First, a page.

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2)Classification on the basis of function


Functionally, joints are classified as one of the following:
Synarthrosis: an immovable joint. Amphiarthrosis: a slightly movable joint. Most amphiarthrosis joints are cartilaginous. Diarthrosis: a freely movable joint. All diarthroses are synovial joints.

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3)CLASSIFICATION ON THE BASIS OF MOVEMENT


Uniaxial joints e.g. the elbow joint

Biaxial joints e.g. the wrist joint


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CLASSIFICATION ON THE BASIS OF MOVEMENTcontinued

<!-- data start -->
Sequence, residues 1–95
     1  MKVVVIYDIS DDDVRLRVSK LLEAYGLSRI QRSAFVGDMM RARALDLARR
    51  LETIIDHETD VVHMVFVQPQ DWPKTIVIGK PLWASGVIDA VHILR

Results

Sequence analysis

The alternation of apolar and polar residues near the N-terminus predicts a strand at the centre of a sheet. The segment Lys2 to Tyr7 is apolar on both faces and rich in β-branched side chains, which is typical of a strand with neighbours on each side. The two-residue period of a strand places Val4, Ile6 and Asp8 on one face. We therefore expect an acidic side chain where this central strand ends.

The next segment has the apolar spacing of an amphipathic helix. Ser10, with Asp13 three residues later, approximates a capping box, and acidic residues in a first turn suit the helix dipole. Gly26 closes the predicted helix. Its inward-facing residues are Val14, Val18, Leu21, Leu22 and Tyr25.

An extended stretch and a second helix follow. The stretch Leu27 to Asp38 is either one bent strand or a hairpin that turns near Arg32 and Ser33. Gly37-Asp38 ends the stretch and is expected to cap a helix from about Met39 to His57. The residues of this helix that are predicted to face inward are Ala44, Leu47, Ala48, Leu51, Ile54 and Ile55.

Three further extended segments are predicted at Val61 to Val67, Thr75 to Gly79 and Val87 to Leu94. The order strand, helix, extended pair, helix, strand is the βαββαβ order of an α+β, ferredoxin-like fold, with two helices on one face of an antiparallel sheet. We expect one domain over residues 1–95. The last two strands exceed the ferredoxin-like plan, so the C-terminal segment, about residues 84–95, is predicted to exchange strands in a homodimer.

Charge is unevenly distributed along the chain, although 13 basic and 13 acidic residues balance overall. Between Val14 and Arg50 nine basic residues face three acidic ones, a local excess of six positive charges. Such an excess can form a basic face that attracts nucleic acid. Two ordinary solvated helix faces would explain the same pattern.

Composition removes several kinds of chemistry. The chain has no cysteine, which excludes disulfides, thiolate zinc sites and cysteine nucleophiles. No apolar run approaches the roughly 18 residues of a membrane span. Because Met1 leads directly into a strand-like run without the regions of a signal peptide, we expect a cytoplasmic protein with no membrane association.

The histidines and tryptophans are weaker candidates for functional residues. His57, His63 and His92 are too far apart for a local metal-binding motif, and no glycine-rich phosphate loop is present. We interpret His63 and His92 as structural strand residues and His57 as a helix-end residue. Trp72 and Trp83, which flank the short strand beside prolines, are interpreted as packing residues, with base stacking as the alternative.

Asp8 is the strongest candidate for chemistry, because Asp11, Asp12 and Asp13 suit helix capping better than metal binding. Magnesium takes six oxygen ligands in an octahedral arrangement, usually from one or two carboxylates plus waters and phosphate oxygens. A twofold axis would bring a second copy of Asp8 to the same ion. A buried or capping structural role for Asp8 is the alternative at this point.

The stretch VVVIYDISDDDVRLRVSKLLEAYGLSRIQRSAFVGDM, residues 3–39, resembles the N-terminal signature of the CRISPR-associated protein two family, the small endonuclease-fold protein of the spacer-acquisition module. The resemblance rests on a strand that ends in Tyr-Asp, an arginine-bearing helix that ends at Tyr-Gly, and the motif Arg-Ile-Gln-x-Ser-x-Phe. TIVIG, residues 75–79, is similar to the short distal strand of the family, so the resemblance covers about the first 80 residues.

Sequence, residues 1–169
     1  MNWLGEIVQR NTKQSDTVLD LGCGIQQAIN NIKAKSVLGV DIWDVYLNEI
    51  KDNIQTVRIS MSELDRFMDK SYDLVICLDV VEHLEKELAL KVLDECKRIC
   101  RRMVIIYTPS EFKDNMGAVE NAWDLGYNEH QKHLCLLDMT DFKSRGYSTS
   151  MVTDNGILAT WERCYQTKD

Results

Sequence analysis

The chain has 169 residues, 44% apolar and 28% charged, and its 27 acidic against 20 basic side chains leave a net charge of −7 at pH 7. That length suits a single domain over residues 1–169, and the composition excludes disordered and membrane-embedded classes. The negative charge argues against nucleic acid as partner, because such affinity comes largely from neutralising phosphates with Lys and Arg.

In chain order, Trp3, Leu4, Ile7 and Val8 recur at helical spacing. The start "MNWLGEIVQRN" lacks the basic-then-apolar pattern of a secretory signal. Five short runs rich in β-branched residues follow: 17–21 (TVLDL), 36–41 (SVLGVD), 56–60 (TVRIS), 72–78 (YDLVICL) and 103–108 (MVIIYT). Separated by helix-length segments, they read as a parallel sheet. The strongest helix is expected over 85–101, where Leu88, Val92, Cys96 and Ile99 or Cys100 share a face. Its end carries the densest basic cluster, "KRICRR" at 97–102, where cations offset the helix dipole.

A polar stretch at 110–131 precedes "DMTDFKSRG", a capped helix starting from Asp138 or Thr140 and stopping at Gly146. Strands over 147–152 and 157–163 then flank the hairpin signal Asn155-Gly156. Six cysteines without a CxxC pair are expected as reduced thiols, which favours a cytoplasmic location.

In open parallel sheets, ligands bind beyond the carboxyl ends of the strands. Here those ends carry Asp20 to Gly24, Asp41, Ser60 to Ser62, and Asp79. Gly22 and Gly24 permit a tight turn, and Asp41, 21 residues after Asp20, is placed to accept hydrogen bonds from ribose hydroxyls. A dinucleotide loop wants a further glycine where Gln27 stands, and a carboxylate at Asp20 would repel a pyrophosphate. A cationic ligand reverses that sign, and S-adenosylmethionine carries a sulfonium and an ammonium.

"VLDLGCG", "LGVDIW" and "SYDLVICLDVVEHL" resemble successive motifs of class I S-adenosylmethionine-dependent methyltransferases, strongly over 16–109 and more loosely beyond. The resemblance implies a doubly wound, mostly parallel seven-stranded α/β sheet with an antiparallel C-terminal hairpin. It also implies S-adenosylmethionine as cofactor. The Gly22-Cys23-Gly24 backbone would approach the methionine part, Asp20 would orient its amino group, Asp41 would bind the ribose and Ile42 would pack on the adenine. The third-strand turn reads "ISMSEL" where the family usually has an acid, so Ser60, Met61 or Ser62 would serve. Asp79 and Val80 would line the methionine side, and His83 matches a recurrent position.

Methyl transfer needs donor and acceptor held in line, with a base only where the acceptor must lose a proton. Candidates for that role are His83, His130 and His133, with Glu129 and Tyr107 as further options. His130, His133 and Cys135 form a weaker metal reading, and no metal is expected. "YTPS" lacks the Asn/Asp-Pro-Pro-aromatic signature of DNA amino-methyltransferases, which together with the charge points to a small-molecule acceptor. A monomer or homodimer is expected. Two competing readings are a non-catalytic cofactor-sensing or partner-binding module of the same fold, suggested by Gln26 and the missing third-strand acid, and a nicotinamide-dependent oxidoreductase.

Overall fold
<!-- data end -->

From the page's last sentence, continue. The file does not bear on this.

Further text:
Multiaxial joints: e.g. shoulder joint

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Factors affecting at Synovial Joints


Structure or shape of the articulating bones Strength and tension of ligaments. Arrangement and tension of muscles Apposition of soft parts Hormones use
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Vasculature of joints
Articular arteries from vessels around joints Often these arteries form anastamoses around joints Articular veins accompany arteries Articular veins like articular arteries, are located inside a joint capsule, mostly in the synovial membranes

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Innervation
Rich nerve supply Most articular nerves are branches of cutaneous nerves supplying the muscles that cross and move the joint( obey Hiltons law) In distal parts of limbs( hands and feet) articular nerves are branches of cutaneous nerves supplying the overlying skin
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Innervation continued